Passenger killed after large 'rogue' wave hits Antarctic cruise ship

A U.S. woman was killed and four other passengers injured when a massive wave struck the Viking Polaris cruise ship while it was sailing toward the port of Ushuaia in southern Argentina on an Antarctic cruise, authorities said.

The 62-year-old woman was hit by broken glass when the wave broke cabin windows late Tuesday during a storm, Argentine authorities said. The ship suffered limited damage and arrived in Ushuaia, 1,926 miles (3100 kilometres) south of Buenos Aires, the next day.

“It is with great sadness that we confirmed a guest passed away following the incident,” Viking said in statement. “We have notified the guest’s family and shared our deepest sympathies.”

Neither the statement nor the Argentine Naval Prefecture identified the woman or her hometown.

Viking called it a “rogue wave incident” and said the four other passengers’ injuries were non-life threatening.

The cruise ship was anchored near Ushuaia, where a federal court has opened a case to determine what happened.

Suzie Gooding, an American woman on-board the cruise, told North Carolina news station WRAL that they felt the impact of the massive wave on the ship.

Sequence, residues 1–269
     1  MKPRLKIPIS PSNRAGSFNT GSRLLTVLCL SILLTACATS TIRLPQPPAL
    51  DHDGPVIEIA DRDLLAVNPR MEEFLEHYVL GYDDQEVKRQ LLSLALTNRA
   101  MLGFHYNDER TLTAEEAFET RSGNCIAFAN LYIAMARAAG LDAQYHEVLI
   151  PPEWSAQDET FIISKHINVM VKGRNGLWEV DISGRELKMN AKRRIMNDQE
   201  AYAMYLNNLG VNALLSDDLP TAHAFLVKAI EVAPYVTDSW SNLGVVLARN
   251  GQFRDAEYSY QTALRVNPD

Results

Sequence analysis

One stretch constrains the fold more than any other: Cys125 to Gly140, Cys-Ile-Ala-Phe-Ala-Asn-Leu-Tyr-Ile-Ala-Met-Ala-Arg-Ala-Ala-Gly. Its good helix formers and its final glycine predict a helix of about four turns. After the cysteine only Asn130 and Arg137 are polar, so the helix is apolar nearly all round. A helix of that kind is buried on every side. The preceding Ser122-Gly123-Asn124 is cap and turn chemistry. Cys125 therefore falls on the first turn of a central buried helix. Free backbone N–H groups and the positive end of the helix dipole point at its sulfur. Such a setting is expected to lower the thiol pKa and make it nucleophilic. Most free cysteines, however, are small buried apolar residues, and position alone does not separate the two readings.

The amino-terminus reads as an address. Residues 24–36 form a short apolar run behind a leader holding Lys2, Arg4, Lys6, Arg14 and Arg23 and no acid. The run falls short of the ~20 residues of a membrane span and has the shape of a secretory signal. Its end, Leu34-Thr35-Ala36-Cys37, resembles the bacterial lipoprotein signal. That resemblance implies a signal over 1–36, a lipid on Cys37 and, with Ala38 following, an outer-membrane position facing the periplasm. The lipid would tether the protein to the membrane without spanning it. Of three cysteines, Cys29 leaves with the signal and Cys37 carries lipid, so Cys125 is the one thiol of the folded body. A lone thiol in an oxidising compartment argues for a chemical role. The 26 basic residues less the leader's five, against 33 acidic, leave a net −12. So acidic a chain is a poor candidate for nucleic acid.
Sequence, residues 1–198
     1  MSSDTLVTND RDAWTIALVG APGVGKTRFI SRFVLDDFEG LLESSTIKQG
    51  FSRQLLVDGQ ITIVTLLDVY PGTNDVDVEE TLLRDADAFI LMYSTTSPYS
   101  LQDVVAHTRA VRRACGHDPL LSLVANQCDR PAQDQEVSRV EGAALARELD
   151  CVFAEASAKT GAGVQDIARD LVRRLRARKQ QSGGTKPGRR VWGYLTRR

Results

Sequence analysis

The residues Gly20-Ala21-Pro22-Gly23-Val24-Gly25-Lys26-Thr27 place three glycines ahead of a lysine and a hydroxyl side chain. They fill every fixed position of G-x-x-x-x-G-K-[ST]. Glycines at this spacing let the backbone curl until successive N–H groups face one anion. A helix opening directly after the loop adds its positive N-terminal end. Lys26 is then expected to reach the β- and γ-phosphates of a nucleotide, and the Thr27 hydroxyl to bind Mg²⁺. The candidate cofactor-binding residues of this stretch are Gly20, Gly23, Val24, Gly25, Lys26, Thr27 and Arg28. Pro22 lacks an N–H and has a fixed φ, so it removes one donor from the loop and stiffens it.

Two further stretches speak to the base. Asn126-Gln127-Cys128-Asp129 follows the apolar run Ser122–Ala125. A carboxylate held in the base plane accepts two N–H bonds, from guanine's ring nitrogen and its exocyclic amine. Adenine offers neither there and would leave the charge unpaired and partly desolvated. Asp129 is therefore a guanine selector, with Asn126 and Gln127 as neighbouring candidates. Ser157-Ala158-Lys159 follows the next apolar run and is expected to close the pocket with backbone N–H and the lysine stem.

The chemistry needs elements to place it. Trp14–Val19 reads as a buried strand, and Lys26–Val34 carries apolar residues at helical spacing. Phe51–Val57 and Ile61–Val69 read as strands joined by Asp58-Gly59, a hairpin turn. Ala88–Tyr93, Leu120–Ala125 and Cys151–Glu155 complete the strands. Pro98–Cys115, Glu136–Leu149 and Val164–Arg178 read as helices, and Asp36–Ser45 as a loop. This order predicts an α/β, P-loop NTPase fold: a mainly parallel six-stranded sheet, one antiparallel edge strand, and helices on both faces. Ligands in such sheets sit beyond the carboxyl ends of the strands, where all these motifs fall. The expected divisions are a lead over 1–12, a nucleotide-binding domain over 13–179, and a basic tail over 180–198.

“We wondered if we hit an iceberg,” she said. “And there are no icebergs out here, but that’s how it felt.”

“We have made the difficult decision to cancel the ship’s next scheduled departure,” said Viking in a statement, adding that “all impacted guests and their travel advisors have been notified directly by Viking Customer Relations.”

“Our focus remains on the safety and wellbeing of our guests and crew,” it continued. “We are working directly with them to arrange return travel.”

The company indicated on its website that to explore remote regions of the world they have “two purpose-built, state-of-the-art small expedition-class ships: Viking Octantis and Viking Polaris.”

The Viking Polaris, a vessel that has luxury facilities and was built in 2022, has capacity for 378 passengers and 256 crew members.

— With files from Global News’ Chris Jancelewicz

© 2022 The Canadian Press

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